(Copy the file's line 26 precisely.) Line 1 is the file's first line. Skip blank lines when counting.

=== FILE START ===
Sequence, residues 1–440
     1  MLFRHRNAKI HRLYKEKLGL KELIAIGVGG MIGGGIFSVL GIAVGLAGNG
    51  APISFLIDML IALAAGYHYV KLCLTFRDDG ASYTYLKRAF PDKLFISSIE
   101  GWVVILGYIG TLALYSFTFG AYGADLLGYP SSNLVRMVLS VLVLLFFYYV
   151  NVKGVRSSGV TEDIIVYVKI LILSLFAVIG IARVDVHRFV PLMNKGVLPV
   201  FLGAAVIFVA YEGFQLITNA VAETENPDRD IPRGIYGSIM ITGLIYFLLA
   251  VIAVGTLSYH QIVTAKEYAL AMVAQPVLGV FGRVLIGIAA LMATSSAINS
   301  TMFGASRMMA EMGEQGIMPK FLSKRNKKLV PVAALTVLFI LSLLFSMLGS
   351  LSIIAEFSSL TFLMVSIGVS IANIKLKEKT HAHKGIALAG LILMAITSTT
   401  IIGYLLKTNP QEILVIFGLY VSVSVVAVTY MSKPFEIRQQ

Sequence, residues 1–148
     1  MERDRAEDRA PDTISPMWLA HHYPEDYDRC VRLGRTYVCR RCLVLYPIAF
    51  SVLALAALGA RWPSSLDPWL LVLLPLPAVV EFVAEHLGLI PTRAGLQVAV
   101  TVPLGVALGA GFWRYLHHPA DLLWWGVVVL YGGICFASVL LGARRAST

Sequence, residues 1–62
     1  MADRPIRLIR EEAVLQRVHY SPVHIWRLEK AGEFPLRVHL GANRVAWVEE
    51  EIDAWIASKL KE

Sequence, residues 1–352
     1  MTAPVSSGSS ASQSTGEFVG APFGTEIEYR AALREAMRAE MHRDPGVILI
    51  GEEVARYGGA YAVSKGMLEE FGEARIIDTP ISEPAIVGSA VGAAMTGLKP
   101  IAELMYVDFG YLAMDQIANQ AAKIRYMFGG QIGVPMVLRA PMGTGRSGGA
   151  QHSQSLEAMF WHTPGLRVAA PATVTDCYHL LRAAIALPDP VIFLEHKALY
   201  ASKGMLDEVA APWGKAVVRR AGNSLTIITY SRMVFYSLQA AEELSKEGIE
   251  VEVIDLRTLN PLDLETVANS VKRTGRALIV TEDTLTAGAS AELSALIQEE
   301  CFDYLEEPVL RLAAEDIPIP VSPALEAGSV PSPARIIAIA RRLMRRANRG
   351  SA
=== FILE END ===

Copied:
   351  SA